ON THE OTHER HAND: Rethinking God
We often talk as if God’s revelations were confined to ancient times. But why not see God as continuously revealing herself in nature and history?That way, one of theology’s main tasks would be to use progress in human knowledge to rethink our notion of God. This is what Teilhard de Chardin, a palaeontologist and Jesuit theologian, did. He tried, for example, to reconcile the Christian doctrine of original sin, based on a Biblical myth, with the scientific theory of evolution. Yet many of us still see the modern world as inimical to faith.We could not be more wrong. All the modern discoveries in physics and cosmology – space-time, the Big Bang, dark matter – lend greater plausibility to the idea of a loving creator God. What was there before the Big Bang? Nothing? What is “nothing”? And how did the mass of an entire universe pop out of “nothing” 13.5 billion years ago in less than a second at precisely the rate of expansion that led to life in the universe? And why?Or why did biological evolution lead to consciousness? No one has satisfactorily explained the evolutionary advantage of our knowing we’re going to die. It sucks.The revelations of science are truly “miraculous”.Yet, instead of seeing progress in science and the growth of our moral sensibilities and artistic imagination as part of God’s purpose, we prefer to rely almost exclusively on frozen images of a deity revealed to persons from ancient cultures that (a) drew little distinction between fact and fancy, and (b) lived in patriarchal tribal societies whose “values” included genocidal war, the oppression of women, and slavery. While many theologians have distilled universal principles from these ancient revelations, some still insist they should be taken literally, thus trivialising the power and beauty of myth as spiritual truth, and missing the point of God’s simple but demanding requirement: love. Our failure to rethink God has done greatest damage in ethics. Most thoughtful people today, if asked to list ten guiding principles for ethical conduct, would not come up with the Ten Commandments.Instead they might speak of: respecting the Creator and his creation, being honest, fair, compassionate, and so on. They would also acknowledge the moral complexity of life.Few would mention the primitive tribal sexual taboos that seem to obsess some of us and that have more to do with treating women as property and control of female sexuality than anything else. Sex, like any other human activity, is subject to ethical judgment; but sexual acts are rarely intrinsically good or bad. A sexual relationship between unmarried adults may be immoral or moral. Marriage, like other religious rites and rituals, brings a special sacramental grace to our lives. It’s a consecration of an intended lifelong commitment between two persons. But the lack of consecration does not make that commitment any less ethical. A relationship with God and participation in a religious community can unleash a spiritual force in our lives. And, of course, hallowed traditions, rituals and prayer can enhance that spirituality. But failure to believe is not a sin punishable by a mythical devil in a mythical hell. Our failure to rethink God means too often that, instead of religion continuously putting us in a right relation to God and all his creation, we’re confronted with three equally unpalatable options. Be a schizophrenic/hypocrite: six days of the week abide by an ethical and practical understanding of existence shaped by modern thought, and on the seventh day go to church and adopt a pre-scientific interpretation of the world. Option two: abandon religion as outmoded superstition, and lead a secular life devoid of religious spirituality.Option three: become a fundamentalist who clings to ancient beliefs, however absurd, as absolute truths, and rejects the modern world.Wouldn’t it make more sense to “put away childish things” and rethink God?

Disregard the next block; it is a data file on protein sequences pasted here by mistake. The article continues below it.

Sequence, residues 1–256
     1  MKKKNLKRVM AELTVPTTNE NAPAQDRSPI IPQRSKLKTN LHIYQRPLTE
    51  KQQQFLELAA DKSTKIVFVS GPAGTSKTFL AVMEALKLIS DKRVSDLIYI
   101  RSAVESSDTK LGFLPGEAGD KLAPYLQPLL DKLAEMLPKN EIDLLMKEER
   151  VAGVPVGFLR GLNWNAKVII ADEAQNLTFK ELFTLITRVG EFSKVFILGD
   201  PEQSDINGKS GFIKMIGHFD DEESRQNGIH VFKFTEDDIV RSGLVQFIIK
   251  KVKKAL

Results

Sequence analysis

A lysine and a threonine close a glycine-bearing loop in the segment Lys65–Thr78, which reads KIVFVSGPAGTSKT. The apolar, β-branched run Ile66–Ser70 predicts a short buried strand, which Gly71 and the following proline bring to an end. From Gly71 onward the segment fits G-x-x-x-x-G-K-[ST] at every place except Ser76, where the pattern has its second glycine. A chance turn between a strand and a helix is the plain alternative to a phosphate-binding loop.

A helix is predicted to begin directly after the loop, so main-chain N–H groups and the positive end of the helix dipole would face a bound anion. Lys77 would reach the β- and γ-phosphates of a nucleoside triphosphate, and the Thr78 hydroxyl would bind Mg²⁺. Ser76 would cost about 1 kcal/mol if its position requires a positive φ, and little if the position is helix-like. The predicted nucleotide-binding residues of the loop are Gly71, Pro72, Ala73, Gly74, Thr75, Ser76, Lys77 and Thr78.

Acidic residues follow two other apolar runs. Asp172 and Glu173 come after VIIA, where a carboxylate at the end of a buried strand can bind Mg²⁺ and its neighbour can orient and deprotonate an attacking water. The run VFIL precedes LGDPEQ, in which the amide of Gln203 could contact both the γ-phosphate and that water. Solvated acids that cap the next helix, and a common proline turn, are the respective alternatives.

• Peter Laurie is a retired diplomat and a commentator on social issues. Email email@example.com.